I rather like The Ascent of Money, by Niall Ferguson. This comes in several formats. There's a video version, a written version (ISBN-13: 978-1594201929), and an audio version.

This book covers the history of financial instruments. It covers the rise of money, the history of bonds and stocks, insurance and hedge funds, real-estate, and the spread of finance across the world. It is a great introduction to finance, though its focus is very definitely on the history. It does not cover more advanced topics, and will not leave you with any sort of financial plan, but it's a great way to get a broad overview and historical understanding of money and markets. I strongly recommend both the video and the written or audio version.

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In finance, form is function, and while a reason for a trade could be anything, but since the result of a trade is a change in value, it could be presumed that one seeks to receive a change in value.

Stock company

There may have been more esoteric examples, but currently, possession of a company (total ownership of its' assets actually) is delineated by percentage or a glorified "banknote" frequently called a "share". Percentage companies are usually sole proprietorship and partnerships, but partnerships can now trade in "units". Share companies are usually corporations.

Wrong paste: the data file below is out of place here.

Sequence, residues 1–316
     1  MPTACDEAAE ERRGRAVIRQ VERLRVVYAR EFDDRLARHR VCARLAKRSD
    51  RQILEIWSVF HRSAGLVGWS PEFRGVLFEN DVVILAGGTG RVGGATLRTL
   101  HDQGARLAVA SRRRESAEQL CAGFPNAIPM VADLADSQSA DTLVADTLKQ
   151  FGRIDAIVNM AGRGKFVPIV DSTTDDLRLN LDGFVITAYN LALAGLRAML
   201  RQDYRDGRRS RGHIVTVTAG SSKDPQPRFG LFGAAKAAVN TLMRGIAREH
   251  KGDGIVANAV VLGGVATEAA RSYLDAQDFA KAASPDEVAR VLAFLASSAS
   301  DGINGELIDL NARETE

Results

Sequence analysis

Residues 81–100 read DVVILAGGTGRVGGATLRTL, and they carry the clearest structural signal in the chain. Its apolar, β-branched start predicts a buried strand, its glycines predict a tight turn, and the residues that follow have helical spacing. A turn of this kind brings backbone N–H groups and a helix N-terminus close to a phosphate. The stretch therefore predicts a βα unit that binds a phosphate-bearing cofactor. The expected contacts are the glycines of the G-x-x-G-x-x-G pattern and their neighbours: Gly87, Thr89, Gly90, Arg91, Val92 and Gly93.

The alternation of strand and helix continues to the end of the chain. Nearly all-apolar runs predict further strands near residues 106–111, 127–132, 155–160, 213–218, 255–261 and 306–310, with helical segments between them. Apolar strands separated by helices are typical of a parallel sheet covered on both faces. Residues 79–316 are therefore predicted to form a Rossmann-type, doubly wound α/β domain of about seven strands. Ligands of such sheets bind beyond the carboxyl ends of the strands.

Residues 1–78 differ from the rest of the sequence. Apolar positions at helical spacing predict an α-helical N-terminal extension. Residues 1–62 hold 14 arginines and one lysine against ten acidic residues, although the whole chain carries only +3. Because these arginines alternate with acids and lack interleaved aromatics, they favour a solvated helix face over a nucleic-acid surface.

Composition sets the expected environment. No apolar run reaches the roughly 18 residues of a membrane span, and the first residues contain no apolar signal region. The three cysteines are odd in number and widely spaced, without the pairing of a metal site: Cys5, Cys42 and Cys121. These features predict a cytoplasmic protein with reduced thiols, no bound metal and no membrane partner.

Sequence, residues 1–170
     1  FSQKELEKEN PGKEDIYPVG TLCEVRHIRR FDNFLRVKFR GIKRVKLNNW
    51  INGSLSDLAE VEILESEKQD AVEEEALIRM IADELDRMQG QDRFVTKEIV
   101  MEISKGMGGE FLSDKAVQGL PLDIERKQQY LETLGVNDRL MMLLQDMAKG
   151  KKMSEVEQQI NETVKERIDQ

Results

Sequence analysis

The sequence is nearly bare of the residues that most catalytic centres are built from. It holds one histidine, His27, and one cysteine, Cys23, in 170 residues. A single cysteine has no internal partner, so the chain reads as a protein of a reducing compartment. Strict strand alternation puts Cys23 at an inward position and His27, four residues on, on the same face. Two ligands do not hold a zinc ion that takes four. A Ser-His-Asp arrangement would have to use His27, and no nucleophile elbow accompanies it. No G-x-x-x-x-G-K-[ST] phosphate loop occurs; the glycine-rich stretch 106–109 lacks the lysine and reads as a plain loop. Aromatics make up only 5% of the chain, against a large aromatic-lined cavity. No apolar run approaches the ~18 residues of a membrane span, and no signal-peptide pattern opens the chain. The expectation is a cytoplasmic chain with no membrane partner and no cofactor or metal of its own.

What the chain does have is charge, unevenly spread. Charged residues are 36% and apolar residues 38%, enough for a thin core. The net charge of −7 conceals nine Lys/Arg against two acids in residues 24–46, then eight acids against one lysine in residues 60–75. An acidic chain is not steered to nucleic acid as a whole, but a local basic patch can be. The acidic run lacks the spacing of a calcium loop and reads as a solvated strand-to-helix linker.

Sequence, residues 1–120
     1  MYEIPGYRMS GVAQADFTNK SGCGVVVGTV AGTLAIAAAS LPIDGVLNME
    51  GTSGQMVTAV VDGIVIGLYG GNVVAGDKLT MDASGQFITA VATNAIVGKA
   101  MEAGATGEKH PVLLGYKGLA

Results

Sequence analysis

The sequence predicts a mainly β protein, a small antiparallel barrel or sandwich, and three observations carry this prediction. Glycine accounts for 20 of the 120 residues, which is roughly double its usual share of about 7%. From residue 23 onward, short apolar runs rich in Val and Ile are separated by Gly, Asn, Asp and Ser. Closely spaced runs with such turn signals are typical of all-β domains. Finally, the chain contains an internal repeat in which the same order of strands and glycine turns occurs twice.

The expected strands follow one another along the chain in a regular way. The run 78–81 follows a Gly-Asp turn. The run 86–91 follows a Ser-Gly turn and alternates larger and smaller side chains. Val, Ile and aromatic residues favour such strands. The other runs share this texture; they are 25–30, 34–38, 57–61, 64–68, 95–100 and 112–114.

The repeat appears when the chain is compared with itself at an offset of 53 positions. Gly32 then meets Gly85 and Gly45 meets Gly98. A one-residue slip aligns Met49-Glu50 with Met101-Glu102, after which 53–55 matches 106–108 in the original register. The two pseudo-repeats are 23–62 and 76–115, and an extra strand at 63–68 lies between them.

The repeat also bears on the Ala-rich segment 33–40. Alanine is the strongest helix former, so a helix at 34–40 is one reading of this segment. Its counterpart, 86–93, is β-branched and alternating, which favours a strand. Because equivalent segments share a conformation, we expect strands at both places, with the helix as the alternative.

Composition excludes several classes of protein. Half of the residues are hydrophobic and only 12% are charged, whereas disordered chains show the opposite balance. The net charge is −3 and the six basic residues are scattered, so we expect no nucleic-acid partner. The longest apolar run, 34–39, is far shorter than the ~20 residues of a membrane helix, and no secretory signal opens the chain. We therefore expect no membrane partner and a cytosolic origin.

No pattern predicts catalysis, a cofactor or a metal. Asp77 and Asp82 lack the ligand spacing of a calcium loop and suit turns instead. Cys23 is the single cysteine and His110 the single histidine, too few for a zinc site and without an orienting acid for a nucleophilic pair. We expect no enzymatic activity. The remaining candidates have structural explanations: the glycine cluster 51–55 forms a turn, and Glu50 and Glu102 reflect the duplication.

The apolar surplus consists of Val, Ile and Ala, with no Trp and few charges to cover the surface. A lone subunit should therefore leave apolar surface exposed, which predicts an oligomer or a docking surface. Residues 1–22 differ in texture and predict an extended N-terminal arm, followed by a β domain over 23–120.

With shares, a company can be divided into almost totally indistinguishable units. This allows for more flexible ownership, so individuals can trade them without having to change the company contract.

Considering the ease of trade, it could be assumed that common stock contract provisions were formulated to provide for such an ease.

Motivation to trade

This could be anything, but it seems those with the largest ownership of common stock have lots of wealth, so it could be assumed that people at least want to own stocks to own wealth.

Shorting might be a little harder to reason, but I personally assume that the motivation to trade is still to increase wealth.

Social benefit of the stock market

Assuming that ownership in a company is socially valuable and that the total value of ownership is proportional to the social value provided, the social benefit of a stock market is that it provided the means to scale ownership through convenience, speed, and reliability.